I believe, O Lord, and I confess, that thou art the Christ, the Son of the living God, who camest into the world to save sinners, of whom I am first.

In such a confession we find the life of the world to come – our own true life.

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14 Responses to “Mere Existence and the Age to Come”

  1. davidperi Says:

    Just finished reading “The Power of the Name” by Fr George Morelli. He writes that “looking back at Church history, we see that secularists, post-modernists and those who espouse political correctness, and those who promote inclusive language in Scripture and prayer affect the Church in the way that the heresies of old did. Secularism, while not formally recognized as a heresy, functions in man of the same ways the ancient heresies did, in that it over-throws the understanding of man and God (Christian anthropology) received through tradition.”

  2. fatherstephen Says:

    Great point, David. Makes me want to read the book.

  3. Catherine Varkas Says:

    Well, then, what is the difference between waiting for Parousia and living now to strive for theosis???

  4. Mrs. Mutton Says:

    Loved the post — it speaks to my own experience (and surely, the experience of most of us here) — then read David Peri’s comment, which took it to a whole new level! Thanks to both of you! (And now I’m off to find Fr. George’s book.) 😉

  5. Robert Says:

    Catherine,

    I do not think there is a difference, nor does this post imply there is. Waiting is rarely if ever understood scripturally as passivity on the part of the believer. Theosis is not be thought of as living for the here and now, even though it occurs in the here and now. Rather than to see the two (parousia and theosis) as mutually exclusive or opposed the church sees one as the fulfillment of the other – theosis is an active waiting anticipating its completion in the second coming.

    Perhaps surprising to most Orthodox, there is a strong and long running current within Protestantism that upholds such an opposition – theosis and the contemplation of God is confined to the eschaton. Christian mysticism as taught and practiced by the Fathers is understood as a deviation and deformation, resulting in the discrediting of monastics and monasticism.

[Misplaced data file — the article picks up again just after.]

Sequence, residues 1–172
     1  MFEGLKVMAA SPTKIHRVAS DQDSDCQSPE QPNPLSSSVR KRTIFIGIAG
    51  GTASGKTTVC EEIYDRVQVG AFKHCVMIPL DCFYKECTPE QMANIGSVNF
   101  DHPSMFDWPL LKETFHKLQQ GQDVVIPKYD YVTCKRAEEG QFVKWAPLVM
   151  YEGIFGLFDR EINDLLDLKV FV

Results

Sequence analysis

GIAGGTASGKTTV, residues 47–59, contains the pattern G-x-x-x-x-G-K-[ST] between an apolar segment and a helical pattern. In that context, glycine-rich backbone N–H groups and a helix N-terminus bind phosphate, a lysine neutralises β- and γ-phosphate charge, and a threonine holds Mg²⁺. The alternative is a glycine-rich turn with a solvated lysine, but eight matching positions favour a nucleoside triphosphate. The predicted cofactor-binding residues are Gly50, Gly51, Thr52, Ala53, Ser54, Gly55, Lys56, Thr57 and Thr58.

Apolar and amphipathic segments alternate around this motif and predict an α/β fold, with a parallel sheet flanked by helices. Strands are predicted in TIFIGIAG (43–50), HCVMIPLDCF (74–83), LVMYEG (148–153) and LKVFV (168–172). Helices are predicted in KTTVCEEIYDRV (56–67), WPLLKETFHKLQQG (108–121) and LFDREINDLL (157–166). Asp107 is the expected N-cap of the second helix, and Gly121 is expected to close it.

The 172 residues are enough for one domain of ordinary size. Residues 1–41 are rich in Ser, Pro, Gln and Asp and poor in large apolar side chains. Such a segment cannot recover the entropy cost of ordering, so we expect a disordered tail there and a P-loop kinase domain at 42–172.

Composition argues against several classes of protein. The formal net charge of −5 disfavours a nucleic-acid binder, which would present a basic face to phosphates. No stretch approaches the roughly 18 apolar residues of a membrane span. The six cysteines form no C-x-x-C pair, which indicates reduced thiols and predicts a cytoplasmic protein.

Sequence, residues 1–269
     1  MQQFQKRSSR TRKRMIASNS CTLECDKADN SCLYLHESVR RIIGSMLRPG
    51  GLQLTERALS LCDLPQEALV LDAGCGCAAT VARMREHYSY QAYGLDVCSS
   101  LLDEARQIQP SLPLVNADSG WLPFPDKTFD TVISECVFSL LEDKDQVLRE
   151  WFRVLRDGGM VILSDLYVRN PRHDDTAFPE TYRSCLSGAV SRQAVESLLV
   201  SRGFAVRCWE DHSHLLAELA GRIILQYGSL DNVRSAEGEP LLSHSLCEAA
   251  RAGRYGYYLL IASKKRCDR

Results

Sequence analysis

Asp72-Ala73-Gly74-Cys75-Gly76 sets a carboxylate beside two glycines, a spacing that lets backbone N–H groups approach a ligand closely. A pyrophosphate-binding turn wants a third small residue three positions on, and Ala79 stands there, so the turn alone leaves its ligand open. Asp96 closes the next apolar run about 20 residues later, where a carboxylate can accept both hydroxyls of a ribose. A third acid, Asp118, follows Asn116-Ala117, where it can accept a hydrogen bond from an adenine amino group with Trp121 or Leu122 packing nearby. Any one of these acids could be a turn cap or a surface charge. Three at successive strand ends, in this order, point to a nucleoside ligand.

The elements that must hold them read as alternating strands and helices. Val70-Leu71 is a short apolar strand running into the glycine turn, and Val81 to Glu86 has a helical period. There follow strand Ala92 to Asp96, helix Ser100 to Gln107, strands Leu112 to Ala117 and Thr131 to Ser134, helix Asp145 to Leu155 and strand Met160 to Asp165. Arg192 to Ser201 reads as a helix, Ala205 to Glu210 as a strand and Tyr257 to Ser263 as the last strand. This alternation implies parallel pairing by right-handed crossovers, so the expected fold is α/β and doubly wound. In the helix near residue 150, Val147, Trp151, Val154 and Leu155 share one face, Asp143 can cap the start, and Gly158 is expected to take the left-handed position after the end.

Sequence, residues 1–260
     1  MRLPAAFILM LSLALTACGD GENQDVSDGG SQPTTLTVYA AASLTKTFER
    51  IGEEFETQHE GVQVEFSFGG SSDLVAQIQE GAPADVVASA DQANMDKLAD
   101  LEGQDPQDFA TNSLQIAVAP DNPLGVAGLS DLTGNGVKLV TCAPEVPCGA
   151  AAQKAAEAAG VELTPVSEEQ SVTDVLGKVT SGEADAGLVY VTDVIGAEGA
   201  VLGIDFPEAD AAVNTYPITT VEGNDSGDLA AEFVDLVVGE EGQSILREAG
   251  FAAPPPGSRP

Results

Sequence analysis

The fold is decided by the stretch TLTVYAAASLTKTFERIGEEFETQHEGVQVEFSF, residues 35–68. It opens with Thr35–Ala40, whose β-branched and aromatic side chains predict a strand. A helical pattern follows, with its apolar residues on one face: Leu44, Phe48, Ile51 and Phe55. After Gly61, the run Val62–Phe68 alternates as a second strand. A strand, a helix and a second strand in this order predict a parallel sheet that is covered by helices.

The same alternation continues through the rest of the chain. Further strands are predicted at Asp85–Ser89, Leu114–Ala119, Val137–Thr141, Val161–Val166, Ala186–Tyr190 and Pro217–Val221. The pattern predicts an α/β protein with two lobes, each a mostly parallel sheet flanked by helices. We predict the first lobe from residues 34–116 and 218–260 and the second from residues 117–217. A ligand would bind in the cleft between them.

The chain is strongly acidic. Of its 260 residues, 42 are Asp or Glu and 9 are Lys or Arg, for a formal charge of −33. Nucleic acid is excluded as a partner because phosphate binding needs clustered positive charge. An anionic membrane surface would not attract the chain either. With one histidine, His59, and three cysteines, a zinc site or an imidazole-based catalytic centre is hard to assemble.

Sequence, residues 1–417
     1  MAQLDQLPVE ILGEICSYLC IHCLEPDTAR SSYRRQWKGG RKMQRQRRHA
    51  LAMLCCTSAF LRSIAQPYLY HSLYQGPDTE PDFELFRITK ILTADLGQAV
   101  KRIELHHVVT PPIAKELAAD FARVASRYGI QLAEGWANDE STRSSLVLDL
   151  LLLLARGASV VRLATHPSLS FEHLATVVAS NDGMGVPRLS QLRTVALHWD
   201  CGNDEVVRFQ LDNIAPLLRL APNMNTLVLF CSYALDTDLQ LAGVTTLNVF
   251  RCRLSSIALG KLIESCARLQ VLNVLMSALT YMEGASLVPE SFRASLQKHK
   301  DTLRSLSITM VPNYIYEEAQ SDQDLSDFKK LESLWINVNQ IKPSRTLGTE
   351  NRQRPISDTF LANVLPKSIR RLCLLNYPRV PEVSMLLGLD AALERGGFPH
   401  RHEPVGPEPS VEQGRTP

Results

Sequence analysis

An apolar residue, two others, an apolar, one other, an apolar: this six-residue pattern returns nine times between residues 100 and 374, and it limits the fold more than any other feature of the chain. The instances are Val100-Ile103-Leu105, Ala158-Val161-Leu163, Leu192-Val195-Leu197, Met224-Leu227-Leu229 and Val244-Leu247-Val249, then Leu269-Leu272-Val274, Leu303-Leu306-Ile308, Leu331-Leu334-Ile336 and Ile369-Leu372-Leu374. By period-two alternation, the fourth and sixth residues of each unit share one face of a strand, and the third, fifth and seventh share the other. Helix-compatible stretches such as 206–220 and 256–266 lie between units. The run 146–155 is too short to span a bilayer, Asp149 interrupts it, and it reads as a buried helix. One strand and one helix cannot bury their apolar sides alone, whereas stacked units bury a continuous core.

6. James the Brother Says:

    Davidperi,

    I have not read that book but am intrigued by your comment. Can you eludicate a bit on what you mean by “inclusive language etc.” please. I just can’t put that together or I am missing something. Thanks in advance.

  7. fatherstephen Says:

    Catherine,
    Interestingly, the fathers mostly speak of theosis in the context of Holy Baptism, which is indeed the new life in Christ, which we both have and strive for and receive as a gift, both now and in the fullness of the age to come.

  8. Yannis Says:

    Great post.

    If i may comment (although i am sure that this is implied in the post), while man should be receptive and trust more in God than in his own power – it is very important for him to do this in the midst of doing his part in life.

    Since most of our struggle is to actually accept and learn to be who we are, to find all the wrong conceptions and mental dispositions that prevent us from being thus, we need to do effort by succumbing to principles and accomplishing actions. In that sense, learning to play chess, or cooking or doing one’s job, is no different than spiritual work at a very fundamental level – for in doing, or better still in the manner of doing, everything is revealed; the ego and the Self, devil and God. Hence praying can be “without ceasing”. It is the very heart that coordinates and motivates the action, its spirit.

    The Holy Fathers describe theosis and salvation as a synergy, ie a collaboration between human effort and Divine mercy.

    But of course the problem the post is addressing, is that the modern world teaches self-reliance and self-achievement. They are both as false as the devil, for they are ego perspectives. They isolate, divide and see in competition. And the gap they leave in man’s heart cannot be replaced neither by money, nor better houses or better cars or fancy holidays or expensive psychiatists, or more lovers (at once or in time).

  9. davidperi Says:

    Forgot to mention that I found this 7 or 8 page article online. It is an Orthodox Today mag. Just google the article name and it comes up quickly.

  10. zoe Says:

    Thank you, Father Stephen.

  11. Micah Says:

    Ah David, if only we could just google God. I wonder what would happen then…

  12. Yannis Says:

    Probably something like this: http://www.google.co.uk/#hl=en&source=hp&biw=1139&bih=678&q=god&aq=f&aqi=g10&aql=&oq=&gs_rfai=&fp=98906b51ab5d9d97
    🙂

  13. Jeremiah Says:

    This post describes in a deeper way, what I was trying to express in my own reflection on the pre-communion prayers of the Church. I have been purposing to participate as much as I can in the life of the Church, even before I am received. For several months now I have been observing the strict fast prior to Liturgy. That was one step toward being prepares Then my priest pointed me to the prayers of the Church, spoken the evening before, and the morning of Liturgy. So I purposed to pray the prayers at the prescribed times, to participate further with the Church. It was quite an experience.

  14. davdperi Says:

    I just have to add that this site may have excellant articles. One of them to read is on Logismoi or assaultive thoughts at:

    http://www.orthodoxcounselor.com/logismoi.htm